“For many, Barend de Wet exists as myth” - Kathryn Smith
Barend de Wet was born in Boksburg in 1956. He passed away in a head-on collision car crash on 18 March this year.
Often described as a as a conceptual formalist, De Wet was also known for his serial puns. His oeuvre straddles nearly forty years and encompasses a range of diverse media from traditional sculptural media, performance and video to craft skills, which included crochet and embroidery.
De Wet held his first solo exhibition Toying with art at the Old Castle Brewery in Cape Town, in 1985. He was the winner of the Volkskas Atelier Award (now L'Atelier) in 1990. Throughout the 1990s his reputation as one of the country’s foremost young artists continued to grow. In 1996 he produced two of his most iconic works - the first, Art disguised as pasta involved De Wet preparing fresh pasta hung out in lines whilst dressed in chef’s whites. The performance, hosted by FIG Gallery, took in an empty storefront in Troyeville, Johannesburg. Later that year he ostensibly officially resigned from the art world with the announcement of the birth of his son. He proceeded to occupy his time with various pursuits, including being a model for Issey Miyake and David West, a beekeeper, a Masters World record holder in yo-yoing, a fire eater, a serial tattooist and an innate exhibitionist. He returned to showing in commercial galleries in 2010.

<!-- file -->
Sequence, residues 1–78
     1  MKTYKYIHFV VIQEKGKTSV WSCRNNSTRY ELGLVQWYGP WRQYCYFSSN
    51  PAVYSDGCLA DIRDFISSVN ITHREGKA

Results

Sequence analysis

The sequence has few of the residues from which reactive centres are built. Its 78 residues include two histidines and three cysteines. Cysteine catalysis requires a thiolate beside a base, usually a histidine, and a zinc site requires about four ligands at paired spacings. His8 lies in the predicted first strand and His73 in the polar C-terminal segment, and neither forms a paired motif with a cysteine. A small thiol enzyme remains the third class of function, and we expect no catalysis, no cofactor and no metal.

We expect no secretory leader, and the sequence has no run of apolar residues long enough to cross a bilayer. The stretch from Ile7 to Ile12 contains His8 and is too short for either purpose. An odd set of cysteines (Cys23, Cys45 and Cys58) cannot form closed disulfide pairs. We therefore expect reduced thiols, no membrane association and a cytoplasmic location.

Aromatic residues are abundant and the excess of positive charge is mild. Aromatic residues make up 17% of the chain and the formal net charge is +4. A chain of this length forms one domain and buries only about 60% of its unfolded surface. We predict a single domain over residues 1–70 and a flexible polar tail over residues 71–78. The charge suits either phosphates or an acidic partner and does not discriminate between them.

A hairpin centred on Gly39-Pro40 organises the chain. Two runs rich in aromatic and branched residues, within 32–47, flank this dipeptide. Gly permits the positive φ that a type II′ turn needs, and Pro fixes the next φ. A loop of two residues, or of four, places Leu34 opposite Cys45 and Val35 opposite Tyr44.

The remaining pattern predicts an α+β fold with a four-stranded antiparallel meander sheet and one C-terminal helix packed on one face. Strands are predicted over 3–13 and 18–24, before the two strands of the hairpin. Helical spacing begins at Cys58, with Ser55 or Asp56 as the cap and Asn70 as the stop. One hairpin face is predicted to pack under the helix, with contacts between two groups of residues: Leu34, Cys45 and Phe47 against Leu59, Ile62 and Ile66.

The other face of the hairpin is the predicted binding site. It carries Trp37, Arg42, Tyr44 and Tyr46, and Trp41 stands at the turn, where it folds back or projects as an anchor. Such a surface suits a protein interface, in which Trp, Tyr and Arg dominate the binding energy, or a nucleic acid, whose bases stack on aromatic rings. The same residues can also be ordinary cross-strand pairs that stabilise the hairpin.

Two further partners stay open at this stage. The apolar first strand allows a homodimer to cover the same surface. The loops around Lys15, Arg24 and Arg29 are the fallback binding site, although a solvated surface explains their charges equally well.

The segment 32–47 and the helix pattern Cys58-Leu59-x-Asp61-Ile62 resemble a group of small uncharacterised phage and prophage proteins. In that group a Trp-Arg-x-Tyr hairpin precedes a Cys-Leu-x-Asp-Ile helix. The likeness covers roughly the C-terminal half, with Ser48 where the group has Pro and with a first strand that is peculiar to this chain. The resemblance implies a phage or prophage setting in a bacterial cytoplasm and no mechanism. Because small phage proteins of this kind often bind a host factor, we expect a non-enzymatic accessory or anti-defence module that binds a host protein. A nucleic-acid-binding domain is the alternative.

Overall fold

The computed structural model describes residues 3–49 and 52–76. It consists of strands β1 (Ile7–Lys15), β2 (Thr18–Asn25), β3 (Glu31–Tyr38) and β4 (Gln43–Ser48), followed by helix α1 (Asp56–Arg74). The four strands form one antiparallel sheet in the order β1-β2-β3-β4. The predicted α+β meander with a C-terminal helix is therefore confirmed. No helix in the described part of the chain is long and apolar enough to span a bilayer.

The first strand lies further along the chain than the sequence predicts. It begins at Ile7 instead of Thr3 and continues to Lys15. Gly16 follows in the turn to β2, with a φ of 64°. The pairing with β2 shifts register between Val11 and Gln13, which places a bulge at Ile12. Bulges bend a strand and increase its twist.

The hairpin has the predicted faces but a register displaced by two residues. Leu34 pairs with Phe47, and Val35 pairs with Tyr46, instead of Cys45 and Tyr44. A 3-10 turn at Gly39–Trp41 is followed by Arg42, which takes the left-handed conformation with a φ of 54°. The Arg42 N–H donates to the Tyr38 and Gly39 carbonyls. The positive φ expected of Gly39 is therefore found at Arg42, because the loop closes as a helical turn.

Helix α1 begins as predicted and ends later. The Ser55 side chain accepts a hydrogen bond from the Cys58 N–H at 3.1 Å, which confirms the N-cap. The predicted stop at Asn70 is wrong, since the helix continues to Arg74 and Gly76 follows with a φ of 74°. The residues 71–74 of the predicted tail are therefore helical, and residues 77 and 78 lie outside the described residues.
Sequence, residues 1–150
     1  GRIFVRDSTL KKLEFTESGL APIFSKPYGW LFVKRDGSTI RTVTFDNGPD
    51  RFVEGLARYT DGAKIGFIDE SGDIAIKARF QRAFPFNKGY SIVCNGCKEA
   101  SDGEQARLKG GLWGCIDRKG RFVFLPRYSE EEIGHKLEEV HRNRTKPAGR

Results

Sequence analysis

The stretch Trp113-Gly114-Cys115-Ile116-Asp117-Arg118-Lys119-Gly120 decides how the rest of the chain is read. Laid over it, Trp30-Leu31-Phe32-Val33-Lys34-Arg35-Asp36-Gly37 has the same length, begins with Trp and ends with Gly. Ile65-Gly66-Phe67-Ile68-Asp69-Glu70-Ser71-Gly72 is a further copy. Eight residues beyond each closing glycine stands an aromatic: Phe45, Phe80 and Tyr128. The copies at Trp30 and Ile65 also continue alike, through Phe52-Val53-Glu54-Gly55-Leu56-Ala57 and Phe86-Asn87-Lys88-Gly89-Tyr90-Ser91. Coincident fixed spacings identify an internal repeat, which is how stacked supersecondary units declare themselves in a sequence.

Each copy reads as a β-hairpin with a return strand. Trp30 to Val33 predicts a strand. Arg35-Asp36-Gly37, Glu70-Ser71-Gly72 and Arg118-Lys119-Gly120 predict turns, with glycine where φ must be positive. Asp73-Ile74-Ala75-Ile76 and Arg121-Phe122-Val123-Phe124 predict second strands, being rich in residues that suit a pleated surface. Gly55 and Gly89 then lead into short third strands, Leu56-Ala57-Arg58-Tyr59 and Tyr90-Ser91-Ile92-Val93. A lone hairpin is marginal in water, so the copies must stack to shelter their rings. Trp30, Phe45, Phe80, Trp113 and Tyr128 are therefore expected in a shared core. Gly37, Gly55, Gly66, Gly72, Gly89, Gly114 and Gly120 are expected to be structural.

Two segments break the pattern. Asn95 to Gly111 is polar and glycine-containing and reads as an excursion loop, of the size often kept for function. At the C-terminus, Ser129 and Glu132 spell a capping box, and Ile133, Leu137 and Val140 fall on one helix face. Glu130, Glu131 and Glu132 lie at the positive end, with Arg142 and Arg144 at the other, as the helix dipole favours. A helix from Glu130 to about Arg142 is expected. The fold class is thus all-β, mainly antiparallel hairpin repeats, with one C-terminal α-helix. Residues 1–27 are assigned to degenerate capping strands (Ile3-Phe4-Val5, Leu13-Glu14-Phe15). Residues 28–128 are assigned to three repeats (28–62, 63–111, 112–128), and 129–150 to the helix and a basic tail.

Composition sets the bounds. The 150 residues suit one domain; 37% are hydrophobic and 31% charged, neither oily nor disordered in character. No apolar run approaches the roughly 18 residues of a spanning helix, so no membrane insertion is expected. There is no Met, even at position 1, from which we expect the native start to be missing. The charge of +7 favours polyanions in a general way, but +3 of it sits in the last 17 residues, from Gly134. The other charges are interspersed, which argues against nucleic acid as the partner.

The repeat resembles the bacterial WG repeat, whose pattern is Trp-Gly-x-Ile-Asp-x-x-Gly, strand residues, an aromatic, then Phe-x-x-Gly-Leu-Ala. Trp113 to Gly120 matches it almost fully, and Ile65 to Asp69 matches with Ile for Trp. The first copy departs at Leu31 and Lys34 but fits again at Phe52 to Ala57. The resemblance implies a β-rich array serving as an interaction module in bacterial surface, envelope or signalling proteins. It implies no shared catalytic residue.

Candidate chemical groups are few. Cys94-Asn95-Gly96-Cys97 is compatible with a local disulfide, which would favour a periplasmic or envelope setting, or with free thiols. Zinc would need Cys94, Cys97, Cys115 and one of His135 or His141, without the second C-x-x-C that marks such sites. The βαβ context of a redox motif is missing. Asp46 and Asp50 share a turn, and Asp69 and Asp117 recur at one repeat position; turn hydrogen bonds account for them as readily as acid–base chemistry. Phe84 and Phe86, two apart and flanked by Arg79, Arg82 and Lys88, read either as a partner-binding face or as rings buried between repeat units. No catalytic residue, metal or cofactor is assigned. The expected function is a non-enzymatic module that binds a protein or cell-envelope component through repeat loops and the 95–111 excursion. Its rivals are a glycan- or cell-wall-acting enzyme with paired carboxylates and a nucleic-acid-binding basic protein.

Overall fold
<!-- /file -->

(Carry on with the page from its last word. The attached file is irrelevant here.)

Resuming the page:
De Wet is represented in major South African public and private collections, including JAG. Amongst several exhibitions his work was included in the São Paulo Biennale (1994) and the Tate Modern in London.